Diplomats and officials said “not a single EU country” refused to get on board with another extension to the bloc’s Article 50 exit clause during a ministerial meeting this afternoon. Brussels is keen to lay the blame for a no-deal scenario on Britain, leaving the most ardent European opposition to another Brexit delay cowering in the corner. French President Emmanuel Macron was set to be the most problematic leader during tomorrow’s emergency Brexit summit.
But he is set to change his tone in order to shift the blame for a no deal scenario onto Mrs May if there is no extension.
During a meeting of European affairs ministers this morning, France warned its EU colleagues that allowing Britain to stay in the bloc beyond May’s European elections would lead to “diminished credibility” amongst voters.
Paris was joined by Greece, Slovenia and Austria as the most cautious EU member states.
Whereas Germany, Luxembourg, the Netherlands, Italy, Poland, Belgium, Hungary and Sweden came out in support for the Prime Minister’s Brexit delay.
In the Luxembourg meeting room, EU27 ministers expressed a greater support for scrapping Mrs May’s proposed date on June 30 in favour of a delaying Britain’s divorce until the end of the year.
A minority of the countries claimed the Prime Minister should be allowed a shorter extension if she can prove there is a clear plan for winning the support of MPs for her hated Brexit deal.
Amid fears that Britain could disrupt EU business during the proposed extension, Brussels is working on a “good behaviour clause” to prevent such an occurrence.
Mr Macron could suggest that Britain becomes an “intermediate member state” to block the country from the decision-making process.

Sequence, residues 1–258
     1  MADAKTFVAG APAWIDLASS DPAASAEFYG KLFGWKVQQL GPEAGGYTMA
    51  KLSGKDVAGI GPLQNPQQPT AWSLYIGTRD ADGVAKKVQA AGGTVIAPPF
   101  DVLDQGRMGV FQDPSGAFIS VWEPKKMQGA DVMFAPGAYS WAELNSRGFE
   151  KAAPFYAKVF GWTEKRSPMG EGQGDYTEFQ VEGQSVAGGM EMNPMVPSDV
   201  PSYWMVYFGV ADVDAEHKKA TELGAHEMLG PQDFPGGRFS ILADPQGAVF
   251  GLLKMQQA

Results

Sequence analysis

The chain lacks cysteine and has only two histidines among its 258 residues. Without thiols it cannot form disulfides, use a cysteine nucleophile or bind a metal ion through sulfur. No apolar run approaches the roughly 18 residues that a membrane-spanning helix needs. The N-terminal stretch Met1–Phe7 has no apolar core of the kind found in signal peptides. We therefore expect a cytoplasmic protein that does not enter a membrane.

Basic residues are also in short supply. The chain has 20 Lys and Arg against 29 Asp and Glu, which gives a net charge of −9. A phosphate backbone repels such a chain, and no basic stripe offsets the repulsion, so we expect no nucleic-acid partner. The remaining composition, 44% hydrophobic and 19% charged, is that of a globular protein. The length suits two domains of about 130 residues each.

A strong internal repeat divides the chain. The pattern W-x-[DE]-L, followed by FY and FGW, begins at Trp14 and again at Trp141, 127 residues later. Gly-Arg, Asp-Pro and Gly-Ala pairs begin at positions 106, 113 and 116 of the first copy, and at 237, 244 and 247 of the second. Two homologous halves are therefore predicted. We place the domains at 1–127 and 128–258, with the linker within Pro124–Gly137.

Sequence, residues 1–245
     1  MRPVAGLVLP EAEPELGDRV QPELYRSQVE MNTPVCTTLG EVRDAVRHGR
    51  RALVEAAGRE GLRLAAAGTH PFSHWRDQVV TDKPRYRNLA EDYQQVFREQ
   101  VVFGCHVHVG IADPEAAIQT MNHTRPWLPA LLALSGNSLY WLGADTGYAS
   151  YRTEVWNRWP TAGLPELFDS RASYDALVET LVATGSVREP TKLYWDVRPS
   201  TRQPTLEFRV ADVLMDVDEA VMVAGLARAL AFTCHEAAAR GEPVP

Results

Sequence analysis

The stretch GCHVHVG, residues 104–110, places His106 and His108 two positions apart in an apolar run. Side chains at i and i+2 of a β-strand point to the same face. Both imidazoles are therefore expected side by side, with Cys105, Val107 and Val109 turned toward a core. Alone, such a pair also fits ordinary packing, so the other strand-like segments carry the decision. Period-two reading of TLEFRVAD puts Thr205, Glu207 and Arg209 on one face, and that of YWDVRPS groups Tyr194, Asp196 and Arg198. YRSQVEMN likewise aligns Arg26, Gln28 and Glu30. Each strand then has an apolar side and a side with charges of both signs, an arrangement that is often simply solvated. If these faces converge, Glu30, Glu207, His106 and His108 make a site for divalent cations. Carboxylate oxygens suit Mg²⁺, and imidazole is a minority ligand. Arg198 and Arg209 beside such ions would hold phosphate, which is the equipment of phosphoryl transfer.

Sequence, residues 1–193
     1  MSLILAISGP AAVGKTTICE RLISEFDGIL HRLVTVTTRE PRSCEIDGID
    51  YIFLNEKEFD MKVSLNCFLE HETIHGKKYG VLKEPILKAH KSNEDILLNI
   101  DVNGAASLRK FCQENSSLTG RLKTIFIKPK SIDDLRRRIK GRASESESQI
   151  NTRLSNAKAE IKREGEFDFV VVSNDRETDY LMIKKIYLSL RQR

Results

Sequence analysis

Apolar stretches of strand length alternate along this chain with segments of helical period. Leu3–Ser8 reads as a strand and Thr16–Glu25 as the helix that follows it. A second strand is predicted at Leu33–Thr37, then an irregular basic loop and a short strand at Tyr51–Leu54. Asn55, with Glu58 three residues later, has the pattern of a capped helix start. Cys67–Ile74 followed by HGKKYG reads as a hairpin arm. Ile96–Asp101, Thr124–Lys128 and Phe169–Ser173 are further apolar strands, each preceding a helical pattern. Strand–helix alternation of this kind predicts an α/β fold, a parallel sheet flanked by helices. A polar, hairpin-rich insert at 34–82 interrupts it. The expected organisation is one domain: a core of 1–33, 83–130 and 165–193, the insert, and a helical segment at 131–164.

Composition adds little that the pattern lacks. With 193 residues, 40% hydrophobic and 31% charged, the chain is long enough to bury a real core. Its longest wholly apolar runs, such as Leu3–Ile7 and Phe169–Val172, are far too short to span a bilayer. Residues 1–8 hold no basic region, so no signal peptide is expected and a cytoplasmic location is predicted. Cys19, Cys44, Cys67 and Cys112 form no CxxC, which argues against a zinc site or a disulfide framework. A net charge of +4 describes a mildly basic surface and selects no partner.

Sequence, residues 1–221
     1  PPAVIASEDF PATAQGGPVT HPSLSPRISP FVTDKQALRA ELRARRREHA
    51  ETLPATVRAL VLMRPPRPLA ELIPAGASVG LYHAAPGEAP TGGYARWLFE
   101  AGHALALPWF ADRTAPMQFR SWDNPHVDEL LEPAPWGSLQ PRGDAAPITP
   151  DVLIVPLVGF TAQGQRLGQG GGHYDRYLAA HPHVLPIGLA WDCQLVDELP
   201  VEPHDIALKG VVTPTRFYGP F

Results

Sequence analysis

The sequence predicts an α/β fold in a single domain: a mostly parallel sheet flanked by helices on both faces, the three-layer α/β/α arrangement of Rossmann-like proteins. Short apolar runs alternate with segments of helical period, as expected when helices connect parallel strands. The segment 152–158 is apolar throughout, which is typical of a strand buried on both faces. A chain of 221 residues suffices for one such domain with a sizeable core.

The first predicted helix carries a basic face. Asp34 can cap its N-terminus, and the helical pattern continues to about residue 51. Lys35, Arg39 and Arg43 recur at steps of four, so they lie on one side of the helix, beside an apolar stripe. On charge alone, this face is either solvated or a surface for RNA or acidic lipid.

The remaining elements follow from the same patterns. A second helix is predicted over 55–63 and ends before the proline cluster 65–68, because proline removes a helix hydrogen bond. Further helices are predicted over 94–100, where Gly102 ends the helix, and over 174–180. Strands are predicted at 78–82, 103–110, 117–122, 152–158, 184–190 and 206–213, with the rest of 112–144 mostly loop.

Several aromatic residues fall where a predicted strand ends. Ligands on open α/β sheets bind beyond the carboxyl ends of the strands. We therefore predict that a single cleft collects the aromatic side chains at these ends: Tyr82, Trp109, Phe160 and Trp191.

An Elysee official said: “When you are a leaving member state, you are not a state member that can have a say in the important things.”
The source suggested an entirely new approach to Britain’s membership of the bloc could be used to stop Brexiteers being “disruptive”.
Mr Macron will also insist that the Brexit delay doesn’t spark numerous emergency summits to deal with short extensions.
The official added: “We need clarity to protect the EU.”
One EU diplomat familiar with the discussions said: “The aim is to ensure the process isolates Brexit away from the rest of EU decision-making.
“It’s to what extension you want to create a separate agreement that sets out the expectations of British behaviour during the extension period.”
This morning, Michel Barnier, the EU’s chief negotiator, told the group of EU ministers: “We will not tolerate this.”
Austrian Europe minister Gernot Blumel said: “We are risking our credibility if we extend again. Theresa May is asking a lot of us. Therefore it is only fair we ask a decent plan and some conditions.”
During the behind-closed-doors meeting, he added: “But let’s be honest – we have the support of our people for our tactic, which has created a pro-European mood.”
If Britain remain in the bloc until the end of the year, the country will have to take part in the selection process for the new European Council and Commission presidents, as well as the early rounds of negotiations bloc’s next multi annual budget.
Mr Barnier set out the framework for any delay preventing Brussels being blamed for a no-deal Brexit.
The French eurocrat insisted that any Brussels plan would successfully divert the blame for a hard divorce onto the British.
He told reporters in Luxembourg: “The aim of all this is to achieve an orderly withdrawal and I’d prefer to see this rather than to imply our objective is to avoid a no deal, because a no deal will never be a decision taken by the EU.
“This extension has to serve a purpose to provide more time if necessary to ensure that the political process can be crowned with success and that this majority can be attained. The length of extension has got to be in line with the purpose being striven for.”